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New law on using personal data

25 Apr 2018
by

New legislation will greatly increase the compliance burden on employers when they manage employee personal information.

Failure to comply can result in a maximum fine of 4% of their organisation’s global turnover.

Employers will now have to use clear language and explicitly seek the permission of employees and others about keeping and processing sensitive personal data under the new General Data Protection Regulation (GDPR).

The European Union’s regulation comes into effect in the UK on 25 May and greatly increases the rights employees have over their personal data held by employers. The UK government is updating the current Data Protection Act 1998 and a new act will incorporate the GDPR.

Sensitive data

The new regulations will also cover personal information about individuals collected for consumer and commercial purposes as well as covering current and former employers and contractors.

The law identified ‘personal data’ and ‘sensitive personal data’. Sensitive data includes: racial or ethnic origin, political views, religion, philosophical beliefs, trade union membership, information about sex and sex identity, health, and biometric data that identifies an individual. Criminal convictions are left to national jurisdiction.

Explicit consent

The key for data controllers is to obtain specific consent from those whose data employers manage. Then manage the data, exactly in accordance with the permission granted and for no other purpose other than expressly authorised.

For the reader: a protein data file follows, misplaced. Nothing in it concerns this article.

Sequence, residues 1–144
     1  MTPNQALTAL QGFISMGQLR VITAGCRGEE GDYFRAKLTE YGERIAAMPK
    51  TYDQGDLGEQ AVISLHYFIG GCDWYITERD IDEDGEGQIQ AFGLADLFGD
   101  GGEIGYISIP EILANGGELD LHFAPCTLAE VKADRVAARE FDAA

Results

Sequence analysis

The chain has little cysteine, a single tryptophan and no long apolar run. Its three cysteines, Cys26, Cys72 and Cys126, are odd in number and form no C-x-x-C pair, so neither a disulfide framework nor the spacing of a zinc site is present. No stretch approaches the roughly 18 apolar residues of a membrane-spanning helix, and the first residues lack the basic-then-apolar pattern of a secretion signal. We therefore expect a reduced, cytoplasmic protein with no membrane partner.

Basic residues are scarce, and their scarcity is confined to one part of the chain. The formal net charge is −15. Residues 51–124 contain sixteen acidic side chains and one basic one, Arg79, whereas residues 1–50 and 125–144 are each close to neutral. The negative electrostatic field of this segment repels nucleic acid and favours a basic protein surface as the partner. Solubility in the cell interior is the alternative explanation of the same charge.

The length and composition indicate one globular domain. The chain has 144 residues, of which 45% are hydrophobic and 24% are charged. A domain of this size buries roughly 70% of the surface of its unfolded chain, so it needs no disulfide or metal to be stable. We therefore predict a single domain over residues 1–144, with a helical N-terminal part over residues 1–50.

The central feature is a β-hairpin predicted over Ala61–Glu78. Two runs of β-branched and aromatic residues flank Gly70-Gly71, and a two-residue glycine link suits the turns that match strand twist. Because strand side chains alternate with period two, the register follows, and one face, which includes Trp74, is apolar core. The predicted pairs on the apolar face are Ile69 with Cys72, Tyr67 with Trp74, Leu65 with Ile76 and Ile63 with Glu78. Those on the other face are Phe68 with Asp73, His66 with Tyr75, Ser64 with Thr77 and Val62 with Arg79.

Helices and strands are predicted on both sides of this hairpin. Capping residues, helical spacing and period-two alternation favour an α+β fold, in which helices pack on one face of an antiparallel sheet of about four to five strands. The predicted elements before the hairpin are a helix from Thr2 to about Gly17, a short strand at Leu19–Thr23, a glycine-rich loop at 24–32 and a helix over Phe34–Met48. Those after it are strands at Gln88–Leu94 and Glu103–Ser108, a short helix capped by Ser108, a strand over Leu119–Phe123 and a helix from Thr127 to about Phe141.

An employer, especially a large employer, will likely need to increase administrative resources to follow the new rules. The person authorized to keep data, the ‘data controller’, will have special responsibilities and will need to demonstrate that rules are being adhered to. The data controller will need to ensure that individuals have a right to privacy over their publicly available information.

In terms of recruitment, it may mean more requests to supply copies of all interview notes or scoring sheets along with any other relevant documents. A subject access request will no longer require a £10 fee.

Explicit consent from job candidates will be needed for them to fill in automated and online application forms.

Tagged

data Data Protection Act Employment employment law GDPR personal data Privacy

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